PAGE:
• The Washington Post asks if boom times in Iowa farm communities will affect the presidential election this fall.
Iowa is a "swing state" and the economy is supposed to be the biggest issue in this election. So what happens when the economy of a swing state is really pretty good?
Turns out — surprise! — that nobody really knows. The only consensus is that this election will be close.
• The strike by sugar workers in the Red River Valley of Minnesota continues after ten months, the Minneapolis Star Tribune reports.
Some 1,300 workers refused to sign a contract last year and Crystal Sugar locked them out. Saturday, the workers again rejected a contract offer from Crystal. Over 60 percent voted against the latest contract offer.
• The thousands of firefighters working the blazes in Colorado and the rest of the West don't have any health insurance, the Denver Post reports.
The firefighters are seasonal workers. They are paid by the U.S. Forest Service. But they don't get health insurance and they can't buy into the federal plan even if they wanted to.
The only protection they have is workers compensation insurance. Base pay is $14 an hour.
• Former North Dakota Sen. Byron Dorgan writes in Politico about the new Connect America Fund (CAF) set up by the Federal Communications Commission. He's not entirely happy:
In the early days of telephone use, the government knew it would be costly to reach rural and high-cost areas, so it created a universal service policy to help make that happen. Over the years that fundamental policy, and the specific USF program that Congress created in 1996, has successfully ensured that small towns and family farms had affordable service.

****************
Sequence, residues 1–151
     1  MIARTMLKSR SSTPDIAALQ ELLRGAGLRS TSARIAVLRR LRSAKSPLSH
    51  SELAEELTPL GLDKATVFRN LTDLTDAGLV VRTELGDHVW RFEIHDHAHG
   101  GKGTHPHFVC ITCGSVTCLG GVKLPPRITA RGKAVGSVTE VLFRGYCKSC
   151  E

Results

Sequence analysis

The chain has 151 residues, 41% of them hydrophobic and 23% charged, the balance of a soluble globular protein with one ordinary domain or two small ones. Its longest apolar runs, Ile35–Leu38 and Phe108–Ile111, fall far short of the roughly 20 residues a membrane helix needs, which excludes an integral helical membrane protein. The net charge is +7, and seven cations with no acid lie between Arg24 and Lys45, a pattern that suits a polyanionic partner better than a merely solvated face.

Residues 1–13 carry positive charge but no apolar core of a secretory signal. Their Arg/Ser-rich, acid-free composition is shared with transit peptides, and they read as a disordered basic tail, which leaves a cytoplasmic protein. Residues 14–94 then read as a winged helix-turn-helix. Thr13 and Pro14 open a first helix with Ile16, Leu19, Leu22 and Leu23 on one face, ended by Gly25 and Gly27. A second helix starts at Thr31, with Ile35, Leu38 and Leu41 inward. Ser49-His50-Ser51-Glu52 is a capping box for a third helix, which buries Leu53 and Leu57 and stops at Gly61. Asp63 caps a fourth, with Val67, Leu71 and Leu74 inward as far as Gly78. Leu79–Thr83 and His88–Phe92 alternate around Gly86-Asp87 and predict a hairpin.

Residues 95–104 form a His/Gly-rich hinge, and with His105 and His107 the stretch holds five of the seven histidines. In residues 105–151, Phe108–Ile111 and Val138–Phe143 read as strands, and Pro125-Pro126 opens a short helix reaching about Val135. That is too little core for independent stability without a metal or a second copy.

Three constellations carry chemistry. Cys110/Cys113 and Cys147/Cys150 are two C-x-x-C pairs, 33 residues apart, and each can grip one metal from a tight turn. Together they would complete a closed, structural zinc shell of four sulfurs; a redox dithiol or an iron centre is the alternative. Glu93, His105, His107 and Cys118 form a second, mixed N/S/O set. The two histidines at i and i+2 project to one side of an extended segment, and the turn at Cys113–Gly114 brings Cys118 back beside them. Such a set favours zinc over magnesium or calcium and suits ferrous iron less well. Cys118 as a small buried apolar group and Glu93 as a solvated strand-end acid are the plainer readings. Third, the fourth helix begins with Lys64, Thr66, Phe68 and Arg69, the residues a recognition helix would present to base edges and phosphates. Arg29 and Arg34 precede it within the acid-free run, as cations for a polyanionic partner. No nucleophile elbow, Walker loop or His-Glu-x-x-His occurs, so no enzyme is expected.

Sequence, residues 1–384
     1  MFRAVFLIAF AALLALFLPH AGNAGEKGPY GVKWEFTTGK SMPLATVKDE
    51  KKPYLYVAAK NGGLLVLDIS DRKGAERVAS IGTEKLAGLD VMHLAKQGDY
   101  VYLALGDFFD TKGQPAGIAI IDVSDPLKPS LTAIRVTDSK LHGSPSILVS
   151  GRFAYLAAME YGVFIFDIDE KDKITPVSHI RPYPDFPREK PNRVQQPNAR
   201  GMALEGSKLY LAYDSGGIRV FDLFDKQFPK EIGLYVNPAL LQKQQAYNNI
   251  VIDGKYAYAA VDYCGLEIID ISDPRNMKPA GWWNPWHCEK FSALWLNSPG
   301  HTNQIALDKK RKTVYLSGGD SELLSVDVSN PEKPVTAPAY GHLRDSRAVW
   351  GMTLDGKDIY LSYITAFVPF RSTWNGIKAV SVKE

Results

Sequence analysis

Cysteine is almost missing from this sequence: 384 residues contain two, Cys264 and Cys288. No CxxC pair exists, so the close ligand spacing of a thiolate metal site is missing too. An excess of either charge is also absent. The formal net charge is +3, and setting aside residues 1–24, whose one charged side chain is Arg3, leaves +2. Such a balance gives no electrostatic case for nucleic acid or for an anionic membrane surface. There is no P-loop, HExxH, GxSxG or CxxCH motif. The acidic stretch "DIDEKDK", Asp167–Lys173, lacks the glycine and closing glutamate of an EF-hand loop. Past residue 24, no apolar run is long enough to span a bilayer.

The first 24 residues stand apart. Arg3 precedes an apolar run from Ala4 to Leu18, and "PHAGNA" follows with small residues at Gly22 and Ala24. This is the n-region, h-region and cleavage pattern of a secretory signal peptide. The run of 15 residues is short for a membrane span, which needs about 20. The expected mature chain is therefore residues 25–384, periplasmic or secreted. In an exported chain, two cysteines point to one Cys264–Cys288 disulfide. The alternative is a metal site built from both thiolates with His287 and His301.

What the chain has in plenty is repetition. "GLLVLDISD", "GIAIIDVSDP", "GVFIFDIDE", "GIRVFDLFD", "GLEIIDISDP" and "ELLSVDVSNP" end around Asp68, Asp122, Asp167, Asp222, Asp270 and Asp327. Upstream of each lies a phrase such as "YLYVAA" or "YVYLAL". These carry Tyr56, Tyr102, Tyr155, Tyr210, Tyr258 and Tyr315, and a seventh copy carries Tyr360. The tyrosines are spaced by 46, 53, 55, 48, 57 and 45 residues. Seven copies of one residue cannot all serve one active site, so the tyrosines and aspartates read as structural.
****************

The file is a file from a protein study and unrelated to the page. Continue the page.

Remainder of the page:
Now, with all of the recent technological and market changes, the FCC has decided to dismantle the USF and turn it into a broadband fund to “connect America,” as the commission explains. It’s an admirable goal to make sure that broadband is seen as essential and that networks are built and supported to enable that service.
But the CAF has no plan that covers all of rural America. Without continuing USF support, there are real questions about whether the FCC can or will keep the promise offered by the government commitment to universal service for so many years.
I grew up in a town of 300 people and know how easy it is for government policies to leave behind small towns and rural areas. In this age of video, voice and data, areas left behind are also left out. They won’t be able to take advantage of telemedicine, distance education, real-time financial information and so much more.
The FCC needs to study the effects of its CAF on rural consumers and small businesses to avoid unintended consequences. To do so, the FCC can leverage an organization I helped create with the 1996 Telecommunications Act.
That legislation created the Federal-State Joint Board on Universal Service, which comprises consumer advocates, state utility commissioners and FCC commissioners. This board provides the platform for thoughtful partnership between federal and state regulators and stakeholder discussions about how to make certain the philosophy of universal service is implemented as Congress intended. The joint board can take stock of important things — like whether the CAF is actually driving rural network deployment and keeping rural service rates reasonable.
Rather than rush to implement major policy decisions — with consequences that neither the FCC nor anyone else fully understands — the FCC’s next step should be to look to the joint board for analysis and review.
Let’s have another body — closest to the rural consumers and businesses that the USF is supposed to serve — look reality straight in the eye and tell us what it sees.